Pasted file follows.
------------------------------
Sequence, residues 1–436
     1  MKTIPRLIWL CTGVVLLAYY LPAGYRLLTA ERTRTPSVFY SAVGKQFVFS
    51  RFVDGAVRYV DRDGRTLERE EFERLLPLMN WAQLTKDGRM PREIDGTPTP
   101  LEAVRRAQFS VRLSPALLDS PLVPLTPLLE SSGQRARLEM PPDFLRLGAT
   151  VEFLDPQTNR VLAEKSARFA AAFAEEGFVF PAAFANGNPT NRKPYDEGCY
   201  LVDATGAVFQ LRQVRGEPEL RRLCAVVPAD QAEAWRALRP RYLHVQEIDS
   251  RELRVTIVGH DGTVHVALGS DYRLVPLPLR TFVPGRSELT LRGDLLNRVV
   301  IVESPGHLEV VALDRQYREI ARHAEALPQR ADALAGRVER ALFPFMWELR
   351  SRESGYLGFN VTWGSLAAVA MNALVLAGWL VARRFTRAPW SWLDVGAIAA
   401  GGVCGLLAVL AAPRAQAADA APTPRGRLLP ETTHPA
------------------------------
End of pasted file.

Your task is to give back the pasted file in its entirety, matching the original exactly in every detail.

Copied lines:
Sequence, residues 1–436
     1  MKTIPRLIWL CTGVVLLAYY LPAGYRLLTA ERTRTPSVFY SAVGKQFVFS
    51  RFVDGAVRYV DRDGRTLERE EFERLLPLMN WAQLTKDGRM PREIDGTPTP
   101  LEAVRRAQFS VRLSPALLDS PLVPLTPLLE SSGQRARLEM PPDFLRLGAT
   151  VEFLDPQTNR VLAEKSARFA AAFAEEGFVF PAAFANGNPT NRKPYDEGCY
   201  LVDATGAVFQ LRQVRGEPEL RRLCAVVPAD QAEAWRALRP RYLHVQEIDS
   251  RELRVTIVGH DGTVHVALGS DYRLVPLPLR TFVPGRSELT LRGDLLNRVV
   301  IVESPGHLEV VALDRQYREI ARHAEALPQR ADALAGRVER ALFPFMWELR
   351  SRESGYLGFN VTWGSLAAVA MNALVLAGWL VARRFTRAPW SWLDVGAIAA
   401  GGVCGLLAVL AAPRAQAADA APTPRGRLLP ETTHPA